More and more researchers across specialties are questioning our current definitions of depression. Biological anthropologists have argued that depression is an adaptive response to adversity and not a mental disorder. In October, the British Psychological Society published a new report on depression, stating that “depression is best thought of as an experience, or set of experiences, rather than as a disease.” And neuroscientists are focusing on the role of the autonomic nervous system (ANS) in depression. According to the Polyvagal Theory of the ANS, depression is part of a biological defense strategy meant to help us survive.

The common wisdom is that depression starts in the mind with distorted thinking. That leads to “psychosomatic” symptoms like headaches, stomachaches, or fatigue. Now, models like the Polyvagal Theory suggest that we’ve got it backward. It’s the body that detects danger and initiates a defense strategy meant to help us survive. That biological strategy is called immobilization, and it manifests in the mind and the body with a set of symptoms we call depression.

Source: https://www.psychologytoday.com/us/blog/shouldstorm/202012/we-ve-got-depression-all-wrong-it-s-trying-save-us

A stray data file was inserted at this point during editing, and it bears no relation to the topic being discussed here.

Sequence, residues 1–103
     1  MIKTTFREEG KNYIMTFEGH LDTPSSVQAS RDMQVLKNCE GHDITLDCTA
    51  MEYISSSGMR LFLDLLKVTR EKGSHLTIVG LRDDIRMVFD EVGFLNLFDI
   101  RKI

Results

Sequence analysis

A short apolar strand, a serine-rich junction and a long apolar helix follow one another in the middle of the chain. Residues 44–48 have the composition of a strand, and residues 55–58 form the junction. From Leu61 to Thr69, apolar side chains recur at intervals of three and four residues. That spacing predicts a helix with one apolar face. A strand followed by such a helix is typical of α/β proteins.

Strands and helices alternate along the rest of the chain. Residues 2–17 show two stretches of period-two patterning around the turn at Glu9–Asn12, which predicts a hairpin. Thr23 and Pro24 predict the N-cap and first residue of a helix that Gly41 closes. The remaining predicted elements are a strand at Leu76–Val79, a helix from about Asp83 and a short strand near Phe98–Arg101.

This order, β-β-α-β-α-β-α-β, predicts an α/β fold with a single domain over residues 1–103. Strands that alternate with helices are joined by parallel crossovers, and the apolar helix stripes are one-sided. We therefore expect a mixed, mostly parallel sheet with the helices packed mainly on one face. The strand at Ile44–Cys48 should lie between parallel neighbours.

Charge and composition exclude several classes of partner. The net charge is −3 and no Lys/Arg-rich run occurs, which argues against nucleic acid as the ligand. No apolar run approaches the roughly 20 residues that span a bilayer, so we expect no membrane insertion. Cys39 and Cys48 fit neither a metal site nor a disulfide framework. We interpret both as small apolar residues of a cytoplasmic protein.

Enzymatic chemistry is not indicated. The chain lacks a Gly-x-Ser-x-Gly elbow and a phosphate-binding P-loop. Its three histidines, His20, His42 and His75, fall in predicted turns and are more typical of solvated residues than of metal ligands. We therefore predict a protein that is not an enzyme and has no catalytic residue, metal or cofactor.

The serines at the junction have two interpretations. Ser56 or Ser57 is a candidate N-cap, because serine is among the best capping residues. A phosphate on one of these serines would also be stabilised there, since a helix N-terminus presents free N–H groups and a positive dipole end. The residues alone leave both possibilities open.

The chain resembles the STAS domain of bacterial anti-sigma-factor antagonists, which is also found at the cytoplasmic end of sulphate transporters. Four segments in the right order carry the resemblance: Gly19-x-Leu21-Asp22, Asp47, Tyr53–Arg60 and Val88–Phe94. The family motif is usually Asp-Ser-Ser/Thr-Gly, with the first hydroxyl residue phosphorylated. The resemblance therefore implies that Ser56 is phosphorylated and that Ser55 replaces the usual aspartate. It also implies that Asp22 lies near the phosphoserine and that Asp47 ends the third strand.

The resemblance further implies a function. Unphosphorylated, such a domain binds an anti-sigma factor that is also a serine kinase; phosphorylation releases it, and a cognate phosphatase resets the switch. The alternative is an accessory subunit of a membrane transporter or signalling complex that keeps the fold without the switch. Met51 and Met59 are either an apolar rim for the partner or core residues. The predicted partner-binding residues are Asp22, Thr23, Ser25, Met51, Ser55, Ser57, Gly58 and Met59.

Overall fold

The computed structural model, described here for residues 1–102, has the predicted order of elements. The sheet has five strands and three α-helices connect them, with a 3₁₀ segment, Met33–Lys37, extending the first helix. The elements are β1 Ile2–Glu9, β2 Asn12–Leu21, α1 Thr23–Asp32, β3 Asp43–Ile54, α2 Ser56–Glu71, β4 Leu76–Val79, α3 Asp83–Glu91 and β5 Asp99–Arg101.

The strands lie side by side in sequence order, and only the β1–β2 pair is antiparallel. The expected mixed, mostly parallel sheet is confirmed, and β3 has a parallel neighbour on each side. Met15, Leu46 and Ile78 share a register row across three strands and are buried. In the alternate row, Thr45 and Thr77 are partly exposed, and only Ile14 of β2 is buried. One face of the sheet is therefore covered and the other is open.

Author: Alison Escalante M.D.

Slow down! Road work ahead!

How often do we see these orange warning signs along our highways? Sometimes it seems that everywhere we go, construction is going on. According to Murphy’s law, they only show up when we are in a hurry to get somewhere else.

In our recovery it is a necessity to read the signs that tell us to slow down. There is road work ahead. As we know or will soon find out recovery is about work, using those tools that are provided for our own healing and serenity.

We slow down, stop and reflect on our lives, examining how certain “triggers” not only slow us down but can “shut us down.” We discover how ruminating on the same negative feelings, produce a mood that continues to stifle us and prevents us from seeing it for what it is, namely a warning for us to make some changes in our behaviors. If we let these moods deepen there is a strong possibility that these negative ruminations can push us deeper into symptoms of depression. Before that happens, starting to use our tools can save us from relapsing or experiencing a recurrence of symptoms and get us back on the road again.